The first Dialogue Day session was held on the edge of the Vondel Park in Amsterdam. I was one of the about 30 participants with varying levels of concern for the consequences of climate change, while a few of us were professionally involved in activities promoting climate change awareness.

My motivation for attending was to engage and discuss my own perspective, doubts and fears on the climate change issue with others. We got to that when we paired up among each other and shared our first revelations of climate change being real, followed by elaborating on the actions we have taken to minimize our impact.

During the dialogue, I was a little surprised hearing an anecdote of a family living in an area experiencing unusually low precipitation effecting crop growth, more frequent and severe forest fires and lower water reservoir levels. They apparently did not buy into the concept of climate change and the possibility that human activity contributed to it. Consequently, they did not see the need to change their behavior nor did they consider taking any mitigating action to minimize their impact. I found it not so terribly surprising but somewhat disappointing.

My personal “enlightenment moment” that I shared was not a singular moment at all. It slowly crept up on me. In the mid 1960’s through to the late 1970’s I had the good fortune to fly extensively in the Canadian Arctic. During the summer we made frequent short hops between remote Inuit communities stretched across the top of the mainland touching the Arctic Ocean. In the early days, relying on radio navigation aids was an absolute necessity since there were no discernible land references with the polar ice mass blending seamlessly with the snow covered land mass. Over the years with higher temperatures, less snow cover and the retreating Arctic ice, navigation became simplified with our ability to identify the shorelines shown on our maps. Looking back it was strong evidence that climate change is real.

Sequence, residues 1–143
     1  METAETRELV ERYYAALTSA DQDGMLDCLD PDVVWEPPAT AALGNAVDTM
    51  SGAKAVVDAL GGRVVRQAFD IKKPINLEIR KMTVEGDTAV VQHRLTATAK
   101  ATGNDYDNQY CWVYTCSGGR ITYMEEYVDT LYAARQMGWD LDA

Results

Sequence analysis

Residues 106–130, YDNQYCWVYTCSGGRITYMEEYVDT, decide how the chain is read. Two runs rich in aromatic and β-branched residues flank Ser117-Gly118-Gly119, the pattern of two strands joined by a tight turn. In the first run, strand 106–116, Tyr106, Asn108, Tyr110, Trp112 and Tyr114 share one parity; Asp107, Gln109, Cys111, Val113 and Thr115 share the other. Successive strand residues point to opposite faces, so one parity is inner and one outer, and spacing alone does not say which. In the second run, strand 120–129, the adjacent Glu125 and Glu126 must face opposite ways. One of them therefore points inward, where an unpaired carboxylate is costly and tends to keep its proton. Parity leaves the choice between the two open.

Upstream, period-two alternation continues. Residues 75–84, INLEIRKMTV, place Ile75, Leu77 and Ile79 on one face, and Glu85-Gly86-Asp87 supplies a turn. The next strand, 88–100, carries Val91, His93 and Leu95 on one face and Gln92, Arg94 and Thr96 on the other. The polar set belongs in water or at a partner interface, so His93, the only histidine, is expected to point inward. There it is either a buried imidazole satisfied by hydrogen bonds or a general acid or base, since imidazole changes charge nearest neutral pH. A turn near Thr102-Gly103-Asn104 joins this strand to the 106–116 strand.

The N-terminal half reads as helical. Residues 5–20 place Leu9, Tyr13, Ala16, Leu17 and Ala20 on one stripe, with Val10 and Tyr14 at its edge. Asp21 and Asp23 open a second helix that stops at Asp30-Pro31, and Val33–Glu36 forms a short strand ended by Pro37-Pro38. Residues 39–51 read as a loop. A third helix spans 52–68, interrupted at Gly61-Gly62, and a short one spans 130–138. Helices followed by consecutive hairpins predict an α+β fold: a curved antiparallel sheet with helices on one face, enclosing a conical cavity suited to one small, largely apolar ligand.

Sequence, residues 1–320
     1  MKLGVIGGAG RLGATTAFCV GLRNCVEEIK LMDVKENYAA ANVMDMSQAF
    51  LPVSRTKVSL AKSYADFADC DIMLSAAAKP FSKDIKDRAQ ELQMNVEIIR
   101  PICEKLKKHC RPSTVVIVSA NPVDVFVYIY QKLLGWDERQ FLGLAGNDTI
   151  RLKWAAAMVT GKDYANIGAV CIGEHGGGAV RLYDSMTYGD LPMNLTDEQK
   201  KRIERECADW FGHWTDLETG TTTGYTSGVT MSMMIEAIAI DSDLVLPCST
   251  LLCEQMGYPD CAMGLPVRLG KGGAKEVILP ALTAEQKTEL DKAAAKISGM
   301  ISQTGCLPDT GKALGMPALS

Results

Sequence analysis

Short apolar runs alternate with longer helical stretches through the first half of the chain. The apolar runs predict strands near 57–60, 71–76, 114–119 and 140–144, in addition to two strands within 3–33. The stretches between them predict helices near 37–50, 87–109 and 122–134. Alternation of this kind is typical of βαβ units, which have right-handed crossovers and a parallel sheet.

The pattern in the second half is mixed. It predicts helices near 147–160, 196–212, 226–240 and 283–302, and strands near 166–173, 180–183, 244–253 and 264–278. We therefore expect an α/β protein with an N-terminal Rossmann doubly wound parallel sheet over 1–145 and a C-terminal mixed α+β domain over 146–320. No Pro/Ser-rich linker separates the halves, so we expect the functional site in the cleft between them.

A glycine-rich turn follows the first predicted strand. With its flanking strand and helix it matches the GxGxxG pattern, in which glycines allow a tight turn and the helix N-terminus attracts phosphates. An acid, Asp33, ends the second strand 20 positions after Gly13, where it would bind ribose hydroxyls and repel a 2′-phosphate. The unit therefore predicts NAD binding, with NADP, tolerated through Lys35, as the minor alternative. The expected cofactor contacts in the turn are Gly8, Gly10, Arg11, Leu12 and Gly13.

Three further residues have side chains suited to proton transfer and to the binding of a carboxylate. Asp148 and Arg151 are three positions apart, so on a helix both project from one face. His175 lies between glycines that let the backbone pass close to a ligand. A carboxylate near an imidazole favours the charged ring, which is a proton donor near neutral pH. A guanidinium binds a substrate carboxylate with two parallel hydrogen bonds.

Following the paired informal dialogues, we were asked to identify the feelings aroused within us during the exchanges. For me, these ranged from “angry” and “surprised” to “calm” and “accepting”.

Some participants admitted to some confusion and doubt as to the cause-and-effect principle, but all were somewhat troubled by the possible impact of our behavior as a species.

Thanks to the participation in the Dialogue Day, I am now more aware that the “Climate Change” issue is having a conscious and sub-conscious impact on me. I also realize that although I have taken steps to minimize my impact. I am able to do more.

The meeting was well managed and I was impressed with the sincerity of the volunteers and facilitator of this dialog session. The thoughtful, honest and engaging participation of the participants contributed to the success of the first Day of Adaptation event.

More awareness and hope — this is my personal reflections from the event. Kudos to all the volunteers and participants!

About the author: Dominique Marchildon is a semi-retired Canadian born QA Engineering consultant in the Off-Shore Oil & Gas Sector. He is based in The Netherlands since 1997 and is an avid ice hockey player. We kindly appreciate his reflections from participating in the Dialogue Day on 12 Feb 2019 in Amsterdam.

Selected photos from the Dialogue Day event on 12 Feb 2019

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